WASHINGTON — A handful of House conservatives released statements today backing House Freedom Caucus Jim Jordan (R-Ohio) in the face of allegations that he turned a blind eye to sexual abuse on the wrestling team he coached before entering Congress.
Jordan was an assistant wrestling coach at Ohio State University from 1987 until he was sworn in to the Ohio House of Representatives in 1995. The team’s physician during Jordan’s tenure, Richard Strauss, who committed suicide in 2005, became the subject of an Ohio State sexual abuse investigation this April.
This month, seven former Ohio State wrestlers, including former UFC world champion Mark Coleman, said Jordan knew about the allegations of sexual misconduct at the time but did nothing.
“There’s no way unless he’s got dementia or something that he’s got no recollection of what was going on at Ohio State,” Coleman told the Wall Street Journal. “I have nothing but respect for this man, I love this man, but he knew as far as I’m concerned.”
Jordan told Fox News on Friday that the allegations were “false.”
“I mean, I never saw, never heard of, never was told about any type of abuse. If I had been, I would have dealt with it. Our coaching staff — we would have dealt with it. These were our student athletes. A good coach puts the — puts the interest of his student athletes first. We would have dealt with it if we’d have known about anything that happened,” Jordan said. “If in fact there are victims, they deserve justice. There’s an investigation going on. We’re going to, I think, meet with them next week. We want the investigation to get to the truth. That’s what we need here is the truth.”
Responding to a former wrestler’s description that “it was something that we would discuss on a regular basis, mainly with nervous banter,” Jordan said that “conversations in a locker room are a lot different than allegations of abuse or — or reported abuse to us.”
Jordan said he felt “sorry” for Coleman after hearing the former UFC champ’s allegations.
“Mark Coleman wrestled for us, was a national champ, and then was one of our coaches for several years. That — it’s just not accurate. There is — there never was abuse reported to me, and if there was we would have dealt with it,” the congressman said.
Today, a request for an investigation was filed with the Office of Congressional Ethics by Democracy 21 President Fred Wertheimer and former White House chief ethics lawyer Norman Eisen.
“We request that the Office of Congressional Ethics (OCE) conduct a preliminary inquiry into whether Rep. Jordan is making false statements about his knowledge of whether members of the Ohio State wrestling team were being sexually abused by the team doctor during the time he was an assistant coach of the team,” states the complaint. “If OCE determines there is substantial reason to believe that Rep. Jordan is lying in now claiming that he had no knowledge that wrestling team members under his care and supervision were being sexually abused, and if OCE also determines there is substantial reason to believe that Jordan’s false public statements denying such knowledge constitute a violation of clause 1 of House Rule XXIII by failing to ‘reflect creditably on the House,’ OCE should recommend that the House Ethics Committee further review this matter.”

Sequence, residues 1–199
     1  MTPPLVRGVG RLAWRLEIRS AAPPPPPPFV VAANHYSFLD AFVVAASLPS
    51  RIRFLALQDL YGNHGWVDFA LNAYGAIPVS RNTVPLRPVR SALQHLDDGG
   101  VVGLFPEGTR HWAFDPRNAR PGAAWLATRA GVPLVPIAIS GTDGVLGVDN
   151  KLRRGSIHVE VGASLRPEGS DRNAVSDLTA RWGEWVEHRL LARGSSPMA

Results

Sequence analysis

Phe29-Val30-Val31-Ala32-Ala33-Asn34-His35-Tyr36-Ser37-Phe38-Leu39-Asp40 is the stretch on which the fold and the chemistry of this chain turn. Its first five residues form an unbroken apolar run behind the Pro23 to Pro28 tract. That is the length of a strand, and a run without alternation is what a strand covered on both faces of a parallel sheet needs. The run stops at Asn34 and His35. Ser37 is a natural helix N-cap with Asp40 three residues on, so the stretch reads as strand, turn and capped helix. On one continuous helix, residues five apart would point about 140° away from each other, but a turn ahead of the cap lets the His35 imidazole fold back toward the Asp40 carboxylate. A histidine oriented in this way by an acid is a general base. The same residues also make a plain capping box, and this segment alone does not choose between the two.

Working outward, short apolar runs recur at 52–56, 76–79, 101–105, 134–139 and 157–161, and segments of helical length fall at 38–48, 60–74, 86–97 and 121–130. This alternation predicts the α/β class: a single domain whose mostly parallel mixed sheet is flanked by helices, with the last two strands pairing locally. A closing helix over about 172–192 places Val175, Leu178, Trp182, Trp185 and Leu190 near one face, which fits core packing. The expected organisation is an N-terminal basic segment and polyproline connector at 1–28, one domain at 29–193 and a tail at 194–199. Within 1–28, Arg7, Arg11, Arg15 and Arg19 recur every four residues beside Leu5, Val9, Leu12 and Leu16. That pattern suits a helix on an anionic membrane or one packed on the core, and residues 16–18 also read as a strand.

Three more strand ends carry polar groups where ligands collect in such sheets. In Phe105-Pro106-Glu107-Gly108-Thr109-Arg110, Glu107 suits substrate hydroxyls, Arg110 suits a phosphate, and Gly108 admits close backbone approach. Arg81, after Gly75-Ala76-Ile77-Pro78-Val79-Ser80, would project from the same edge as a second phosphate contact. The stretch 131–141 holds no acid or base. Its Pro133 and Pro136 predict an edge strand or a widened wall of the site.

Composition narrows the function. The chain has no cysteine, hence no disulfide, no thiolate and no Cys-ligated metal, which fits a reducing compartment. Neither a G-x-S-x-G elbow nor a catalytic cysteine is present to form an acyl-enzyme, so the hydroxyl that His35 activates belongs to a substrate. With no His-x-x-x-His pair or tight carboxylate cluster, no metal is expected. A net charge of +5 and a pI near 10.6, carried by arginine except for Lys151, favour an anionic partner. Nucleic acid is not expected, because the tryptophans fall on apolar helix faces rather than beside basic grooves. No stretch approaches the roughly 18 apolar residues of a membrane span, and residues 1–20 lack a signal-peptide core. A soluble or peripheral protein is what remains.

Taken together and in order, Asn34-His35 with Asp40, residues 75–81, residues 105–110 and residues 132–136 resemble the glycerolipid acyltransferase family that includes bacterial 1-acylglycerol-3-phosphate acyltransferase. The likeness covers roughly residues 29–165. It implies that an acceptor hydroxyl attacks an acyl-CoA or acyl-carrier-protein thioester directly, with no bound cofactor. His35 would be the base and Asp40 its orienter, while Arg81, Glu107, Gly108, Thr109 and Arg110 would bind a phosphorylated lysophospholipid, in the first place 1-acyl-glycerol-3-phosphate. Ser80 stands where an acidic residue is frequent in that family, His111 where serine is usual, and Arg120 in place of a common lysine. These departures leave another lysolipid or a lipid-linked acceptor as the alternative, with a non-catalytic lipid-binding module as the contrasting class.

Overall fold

“The House Ethics Committee should then investigate and determine whether Rep. Jordan’s alleged false public statements about this matter constitute a violation of clause 1 of House Rule XXIII.”
Eisen said in a statement, “If this were a ‘he said, he said’ matter, that would be one thing. But with seven witnesses already stepping forward and perhaps more in the wings, an Office of Congressional Ethics investigation is needed. The House ethics rules prohibit bringing dishonor upon that body — and what could be more dishonorable than Rep. Jordan now allegedly covering up his failure to stop widespread sexual abuse of students.”
Backing up Jordan in a series of statements issued jointly today were Reps. Andy Biggs (R-Ariz.), Mark Meadows (R-N.C.), Ken Buck (R-Colo.), Matt Gaetz (R-Fla.), Paul Gosar (R-Ariz.), Jody Hice (R-Ga.), and Scott Perry (R-Pa.).
“He’s been in public life for nearly two decades and has earned the reputation of a man of integrity. I am confident that when all facts are revealed, Congressman Jordan will be vindicated,” Biggs said.
Meadows said he backs Jordan “100 percent,” while Buck called it “inconceivable” that Jordan would ignore sexual abuse complaints.
“In the many years I have known Jim Jordan, he has served with integrity and good character. The timing of these allegations, coming 13 years after the doctor died, combined with the questionable background of the accusers, and involving the counsel for the DNC, makes one thing clear: these are mere political statements intended to smear a good man,” charged Gosar.
Meadows, chairman of the House Freedom, Caucus, had called on members last week to publicly support Jordan.
House Speaker Paul Ryan (R-Wis.) has been more cautious, saying through a spokesman that he will await the findings of Ohio State’s inquiry.